King Tut’s Dagger

King Tuts Dagger, Smithsonian-crop

X-ray spectroscopy lays a decades-long metal mystery to rest

When archaeologists discovered Tutankhamun’s tomb, they were stunned by the riches contained within. One of the weirder artifacts of the tomb was a dagger that confused scientists, sporting a blade seemingly impervious to rust and age. Now, reports The Guardian’s Alan Yuhas, the secret of the blade’s timelessness has been uncovered:  It was made from a meteorite.

New research published in the journal Meteoritics & Planetary Science  confirms that the blade was made with materials from a meteorite.  Scientists performed X-ray fluorescence spectrometry, a method used to learn more about the elements the object is composed of. In this case, they found iron, nickel and cobalt—materials found inside chunks of space rocks that survive their fall to Earth.

The discovery not only brings closure to a decades-long debate about whether or not the dagger was made from a meteorite, but it also gives insight into the culture of Ancient Egyptians. Aside from the obvious cool factor of owning a dagger made from a material from space, King Tut’s craftsmen appear to have realized that meteoritic iron was a long-lasting and tough material. The researchers write that their find shows that Ancient Egyptians placed a high value on what they called “iron of the sky” and that they knew about the off-Earth origins of the material.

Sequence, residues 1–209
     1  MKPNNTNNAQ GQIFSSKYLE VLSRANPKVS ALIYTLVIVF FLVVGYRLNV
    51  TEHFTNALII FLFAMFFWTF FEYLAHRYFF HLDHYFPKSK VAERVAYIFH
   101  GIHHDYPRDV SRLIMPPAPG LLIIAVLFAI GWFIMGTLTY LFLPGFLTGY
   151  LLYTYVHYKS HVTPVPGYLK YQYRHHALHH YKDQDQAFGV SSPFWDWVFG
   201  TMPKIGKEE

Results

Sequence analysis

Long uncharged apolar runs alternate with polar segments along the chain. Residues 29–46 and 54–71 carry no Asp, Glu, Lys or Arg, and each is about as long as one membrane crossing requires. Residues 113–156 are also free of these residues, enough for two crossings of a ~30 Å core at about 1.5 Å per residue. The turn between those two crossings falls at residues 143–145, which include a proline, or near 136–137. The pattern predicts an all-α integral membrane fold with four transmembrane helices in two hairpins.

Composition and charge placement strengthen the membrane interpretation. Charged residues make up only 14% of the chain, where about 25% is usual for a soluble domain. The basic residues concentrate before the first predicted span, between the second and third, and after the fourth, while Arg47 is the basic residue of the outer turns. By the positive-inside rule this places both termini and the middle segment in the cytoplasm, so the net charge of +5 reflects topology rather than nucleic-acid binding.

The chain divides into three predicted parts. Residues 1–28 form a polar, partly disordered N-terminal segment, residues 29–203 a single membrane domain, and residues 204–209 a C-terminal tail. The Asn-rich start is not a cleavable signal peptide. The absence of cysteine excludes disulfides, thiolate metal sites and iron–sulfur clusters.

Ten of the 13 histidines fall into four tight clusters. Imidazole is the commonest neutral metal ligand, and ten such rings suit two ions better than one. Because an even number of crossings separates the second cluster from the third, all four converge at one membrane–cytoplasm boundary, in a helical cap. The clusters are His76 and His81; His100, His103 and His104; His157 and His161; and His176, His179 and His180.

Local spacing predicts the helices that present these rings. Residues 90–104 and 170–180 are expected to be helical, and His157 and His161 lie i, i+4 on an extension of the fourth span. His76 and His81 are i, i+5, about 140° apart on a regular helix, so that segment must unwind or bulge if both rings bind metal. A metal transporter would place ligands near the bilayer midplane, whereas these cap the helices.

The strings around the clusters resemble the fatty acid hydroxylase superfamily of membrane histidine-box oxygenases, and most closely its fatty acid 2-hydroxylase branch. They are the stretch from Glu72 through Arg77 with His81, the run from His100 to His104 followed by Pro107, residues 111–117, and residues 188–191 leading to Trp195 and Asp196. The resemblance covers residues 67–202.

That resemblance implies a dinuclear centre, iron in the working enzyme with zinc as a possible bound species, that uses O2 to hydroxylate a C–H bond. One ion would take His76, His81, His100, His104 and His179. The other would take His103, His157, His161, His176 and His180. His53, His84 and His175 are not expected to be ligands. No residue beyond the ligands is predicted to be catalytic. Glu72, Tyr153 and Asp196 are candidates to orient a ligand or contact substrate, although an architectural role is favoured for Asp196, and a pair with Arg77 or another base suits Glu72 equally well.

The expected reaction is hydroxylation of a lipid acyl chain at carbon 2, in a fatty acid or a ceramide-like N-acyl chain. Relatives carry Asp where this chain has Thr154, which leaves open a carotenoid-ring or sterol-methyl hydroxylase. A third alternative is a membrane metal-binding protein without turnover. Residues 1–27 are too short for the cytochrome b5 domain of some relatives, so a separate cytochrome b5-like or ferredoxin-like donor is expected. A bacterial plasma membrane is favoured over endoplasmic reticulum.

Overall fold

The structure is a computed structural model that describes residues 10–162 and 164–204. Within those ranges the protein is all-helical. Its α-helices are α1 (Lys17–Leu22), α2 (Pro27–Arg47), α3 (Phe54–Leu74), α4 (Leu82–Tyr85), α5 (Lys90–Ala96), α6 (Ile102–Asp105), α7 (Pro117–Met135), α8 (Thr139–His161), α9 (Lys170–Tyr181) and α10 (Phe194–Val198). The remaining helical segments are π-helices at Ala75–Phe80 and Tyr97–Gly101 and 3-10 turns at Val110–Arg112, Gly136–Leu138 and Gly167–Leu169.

It turns out the king may have had a thing for meteorites; it’s thought that other blades in the tomb and King Tut’s headrest may also have been made of “iron of the sky.” If King Tut did lay claim to Ancient Egypt’s most precious metal, he would not be alone:  In 2013, researchers discovered that a group of 5,000-year-old beads were made of meteoritic iron, too.

There’s something magical about metal that falls from the sky—not only do the mysterious stones have their own hall in the American Museum of Natural History, but they’re thought to contain clues to the origins of the solar system. No wonder they were a material fit for a king.

Courtesy of:  http://www.smithsonianmag.com/smart-news/

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